Dubai: The Royal Commission for AlUla (RCU) has unveiled a 200,000-year-old axe dating back to the Paleolithic Age at the Qurh site in AlUla Governorate,
The axe made from durable soft basalt stone measures 51.3cm in length and exhibits distinctive features suggesting its use for cutting or chopping purposes.
Studies are being conducted to determine the intended function of this prehistoric tool.
The Qurh site, which holds historical significance dating back to early Islamic period, is one of the Arabian Peninsula’s pivotal urban locations, harbouring a trove of hidden secrets and historical treasures.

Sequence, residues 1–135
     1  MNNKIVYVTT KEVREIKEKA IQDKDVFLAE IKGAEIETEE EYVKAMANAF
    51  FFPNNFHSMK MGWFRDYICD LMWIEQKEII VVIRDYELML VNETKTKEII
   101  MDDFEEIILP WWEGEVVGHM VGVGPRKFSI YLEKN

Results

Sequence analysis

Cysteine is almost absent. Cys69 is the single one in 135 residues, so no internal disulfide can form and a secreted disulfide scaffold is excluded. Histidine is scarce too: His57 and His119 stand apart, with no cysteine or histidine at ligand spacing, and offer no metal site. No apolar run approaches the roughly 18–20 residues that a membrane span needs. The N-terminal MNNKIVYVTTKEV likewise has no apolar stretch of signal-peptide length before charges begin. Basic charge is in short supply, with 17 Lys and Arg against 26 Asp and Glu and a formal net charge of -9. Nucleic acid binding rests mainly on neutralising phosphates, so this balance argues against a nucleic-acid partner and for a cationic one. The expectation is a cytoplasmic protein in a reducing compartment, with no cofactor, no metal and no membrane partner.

The credit for this discovery goes to a team of archaeologists from the heritage consultancy TEOS Heritage.
Tasked with exploring the region surrounding Qurh, located south of AlUla, the team had previously uncovered archaeological artefacts from the early Islamic period.
However, the unearthing of the axe marks a milestone in the history of humanity, shedding new light on ancient civilisations within and beyond the Arabian Peninsula.
RCU is currently overseeing 11 archaeological projects in AlUla and Khyber as part of its commitment to unravel the mysteries of ancient times.
These efforts align with the commission’s comprehensive development plan for AlUla, with the goal of establishing it as a world-renowned destination for natural and cultural heritage.